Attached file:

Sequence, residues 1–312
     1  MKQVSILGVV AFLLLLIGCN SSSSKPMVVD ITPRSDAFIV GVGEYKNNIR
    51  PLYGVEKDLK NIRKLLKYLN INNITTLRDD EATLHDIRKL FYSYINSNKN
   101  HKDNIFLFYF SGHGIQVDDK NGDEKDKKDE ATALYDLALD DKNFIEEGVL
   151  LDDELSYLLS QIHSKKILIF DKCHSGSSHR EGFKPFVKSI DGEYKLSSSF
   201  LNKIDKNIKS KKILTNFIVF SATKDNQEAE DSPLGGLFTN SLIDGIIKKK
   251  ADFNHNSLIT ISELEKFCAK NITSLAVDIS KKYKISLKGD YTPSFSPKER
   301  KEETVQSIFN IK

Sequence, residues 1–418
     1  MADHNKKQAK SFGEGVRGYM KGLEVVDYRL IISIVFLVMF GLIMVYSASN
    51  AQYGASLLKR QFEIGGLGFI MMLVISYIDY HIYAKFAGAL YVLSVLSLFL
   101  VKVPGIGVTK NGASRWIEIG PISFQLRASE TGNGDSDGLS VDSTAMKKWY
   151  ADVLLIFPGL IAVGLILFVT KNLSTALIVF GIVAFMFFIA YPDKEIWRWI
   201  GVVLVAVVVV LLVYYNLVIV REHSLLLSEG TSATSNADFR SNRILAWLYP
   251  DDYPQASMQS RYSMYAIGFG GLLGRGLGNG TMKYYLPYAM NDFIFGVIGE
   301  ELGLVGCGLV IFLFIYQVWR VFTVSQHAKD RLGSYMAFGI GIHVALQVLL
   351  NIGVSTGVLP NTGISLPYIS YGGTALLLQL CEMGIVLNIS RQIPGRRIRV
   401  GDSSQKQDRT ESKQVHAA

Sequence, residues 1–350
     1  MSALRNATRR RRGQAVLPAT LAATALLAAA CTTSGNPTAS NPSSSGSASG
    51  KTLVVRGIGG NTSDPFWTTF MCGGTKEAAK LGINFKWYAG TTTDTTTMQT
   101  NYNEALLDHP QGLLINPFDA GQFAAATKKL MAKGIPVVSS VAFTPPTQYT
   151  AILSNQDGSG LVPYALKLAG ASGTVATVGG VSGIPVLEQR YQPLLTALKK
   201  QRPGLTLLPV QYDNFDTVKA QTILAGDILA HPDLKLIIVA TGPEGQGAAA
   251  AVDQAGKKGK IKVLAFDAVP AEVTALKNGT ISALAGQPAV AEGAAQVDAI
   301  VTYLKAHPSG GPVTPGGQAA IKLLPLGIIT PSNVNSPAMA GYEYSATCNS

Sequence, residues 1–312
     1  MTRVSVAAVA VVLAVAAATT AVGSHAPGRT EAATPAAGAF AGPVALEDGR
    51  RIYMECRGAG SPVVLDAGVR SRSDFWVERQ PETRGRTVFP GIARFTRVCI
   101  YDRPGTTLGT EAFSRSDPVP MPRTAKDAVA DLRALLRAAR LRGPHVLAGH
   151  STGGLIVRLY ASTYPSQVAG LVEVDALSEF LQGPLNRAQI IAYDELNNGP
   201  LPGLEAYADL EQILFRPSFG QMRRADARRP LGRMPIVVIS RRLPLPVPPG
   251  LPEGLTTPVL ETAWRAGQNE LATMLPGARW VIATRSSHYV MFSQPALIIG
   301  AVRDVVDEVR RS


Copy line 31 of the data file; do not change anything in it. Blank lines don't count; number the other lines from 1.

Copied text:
   151  STGGLIVRLY ASTYPSQVAG LVEVDALSEF LQGPLNRAQI IAYDELNNGP